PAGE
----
There’s another problem present in Slovenia. Slovenian football lacks of the inner market. Two biggest clubs in Slovenia Maribor and Olimpija maybe should more attend in it. This means, that they should buy more players from Slovenian than other leagues, so that money remains in Slovenian area. This would definitely help Slovenian Clubs to survive.
What’s more, the presidents of Slovenian Football Clubs are not generally experienced in the field of Football Management so when it comes to finances they don’t have a clear vision for the future of the club. In most cases when they think that there’s enough money in the Club’s cash-register, they dream of a big investment that in the end can even destroy a club. Something similar hapenned to Gorica, a club with rich history and the second highest number of won trophies in Slovenia. Football Club Gorica was always at the top of Slovenian Football. Till the last season, it was the only club in Slovenia besides Maribor and Celje that didn’t relegate to lower league and always played in First Division. It’s hardly to believe that Gorica suddenly faced itself with a big debt on its shoulders. It’s financial management made a lot of mistakes, but also support of the environment was low, so that club wasn’t financially stable any more. This nearly led to bankrupt. ”In leading the club you must have visions, which is what the former financial management in charge with Robert Vrtovec didn’t have,’’ tells Arčon who is seen as a rescuer of Gorica. Nevertheless, he saved the club with the debt of 1.5 million euros.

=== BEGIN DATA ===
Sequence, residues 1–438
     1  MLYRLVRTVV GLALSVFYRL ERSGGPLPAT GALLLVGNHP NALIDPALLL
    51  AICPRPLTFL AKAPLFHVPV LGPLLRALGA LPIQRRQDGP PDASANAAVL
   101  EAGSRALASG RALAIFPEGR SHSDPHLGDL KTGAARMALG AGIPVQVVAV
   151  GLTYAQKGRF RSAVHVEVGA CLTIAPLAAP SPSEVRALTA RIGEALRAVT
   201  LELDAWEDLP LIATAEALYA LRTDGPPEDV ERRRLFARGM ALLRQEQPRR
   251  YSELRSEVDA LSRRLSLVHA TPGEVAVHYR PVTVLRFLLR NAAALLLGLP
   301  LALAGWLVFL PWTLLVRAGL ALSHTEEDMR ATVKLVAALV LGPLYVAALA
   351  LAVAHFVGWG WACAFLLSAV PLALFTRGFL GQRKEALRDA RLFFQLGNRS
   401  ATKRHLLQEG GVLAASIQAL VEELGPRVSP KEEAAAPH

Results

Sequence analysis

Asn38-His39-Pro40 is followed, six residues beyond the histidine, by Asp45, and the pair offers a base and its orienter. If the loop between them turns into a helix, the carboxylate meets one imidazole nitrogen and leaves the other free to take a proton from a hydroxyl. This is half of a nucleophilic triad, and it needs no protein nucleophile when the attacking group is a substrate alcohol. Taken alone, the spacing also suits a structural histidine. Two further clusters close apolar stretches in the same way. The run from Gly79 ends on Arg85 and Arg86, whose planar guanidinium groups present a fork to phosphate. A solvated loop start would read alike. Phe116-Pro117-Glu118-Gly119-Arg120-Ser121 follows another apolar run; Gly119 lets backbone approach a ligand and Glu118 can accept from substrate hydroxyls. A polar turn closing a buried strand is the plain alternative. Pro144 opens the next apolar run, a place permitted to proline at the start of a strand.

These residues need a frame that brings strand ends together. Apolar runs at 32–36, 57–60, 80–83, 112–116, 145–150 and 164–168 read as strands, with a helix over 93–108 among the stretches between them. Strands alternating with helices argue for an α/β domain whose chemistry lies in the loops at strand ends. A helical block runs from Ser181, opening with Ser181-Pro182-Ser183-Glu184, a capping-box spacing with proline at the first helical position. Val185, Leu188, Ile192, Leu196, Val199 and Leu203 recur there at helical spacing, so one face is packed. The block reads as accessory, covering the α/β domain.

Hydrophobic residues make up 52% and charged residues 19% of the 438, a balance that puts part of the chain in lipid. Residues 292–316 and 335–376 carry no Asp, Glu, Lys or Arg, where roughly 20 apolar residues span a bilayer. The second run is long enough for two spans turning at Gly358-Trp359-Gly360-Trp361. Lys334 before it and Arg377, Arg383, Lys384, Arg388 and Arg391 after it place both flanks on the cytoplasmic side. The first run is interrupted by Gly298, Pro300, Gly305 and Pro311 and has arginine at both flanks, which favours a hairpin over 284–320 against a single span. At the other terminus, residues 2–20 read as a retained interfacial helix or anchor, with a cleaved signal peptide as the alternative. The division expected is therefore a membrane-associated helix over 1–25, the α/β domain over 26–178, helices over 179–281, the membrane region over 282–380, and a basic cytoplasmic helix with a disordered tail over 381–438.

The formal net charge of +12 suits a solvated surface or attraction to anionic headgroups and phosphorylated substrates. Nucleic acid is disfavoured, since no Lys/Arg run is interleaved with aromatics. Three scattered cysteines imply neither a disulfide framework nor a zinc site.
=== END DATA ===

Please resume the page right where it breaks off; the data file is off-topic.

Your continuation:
At the end, we should address the Slovenian Football Association. Why don’t they help the clubs in need? Maybe because this is not following the European standards. And also, if Football Association helps one club, then it should be right, that it helps also the others. What’s more, we cannot expect from Slovenian Football Association thait it has that sum of money to help all the clubs in need.
It’s on the clubs to make decision whether to play in First Division or not. The decision to reject playing in First Slovenian Division is another phenomena, seen only in Slovenia. Roltek Dob and Aluminij are just two examples of the champions of Slovenian Second Division that refused to take part in Prva Liga. As we found out, playing in First Slovenian Division costs a lot, so Arčon advises that the clubs think about their approach, two, three and even more times. ‘’It is better to think more times than make a sudden decision which later shows as a big mistake.’’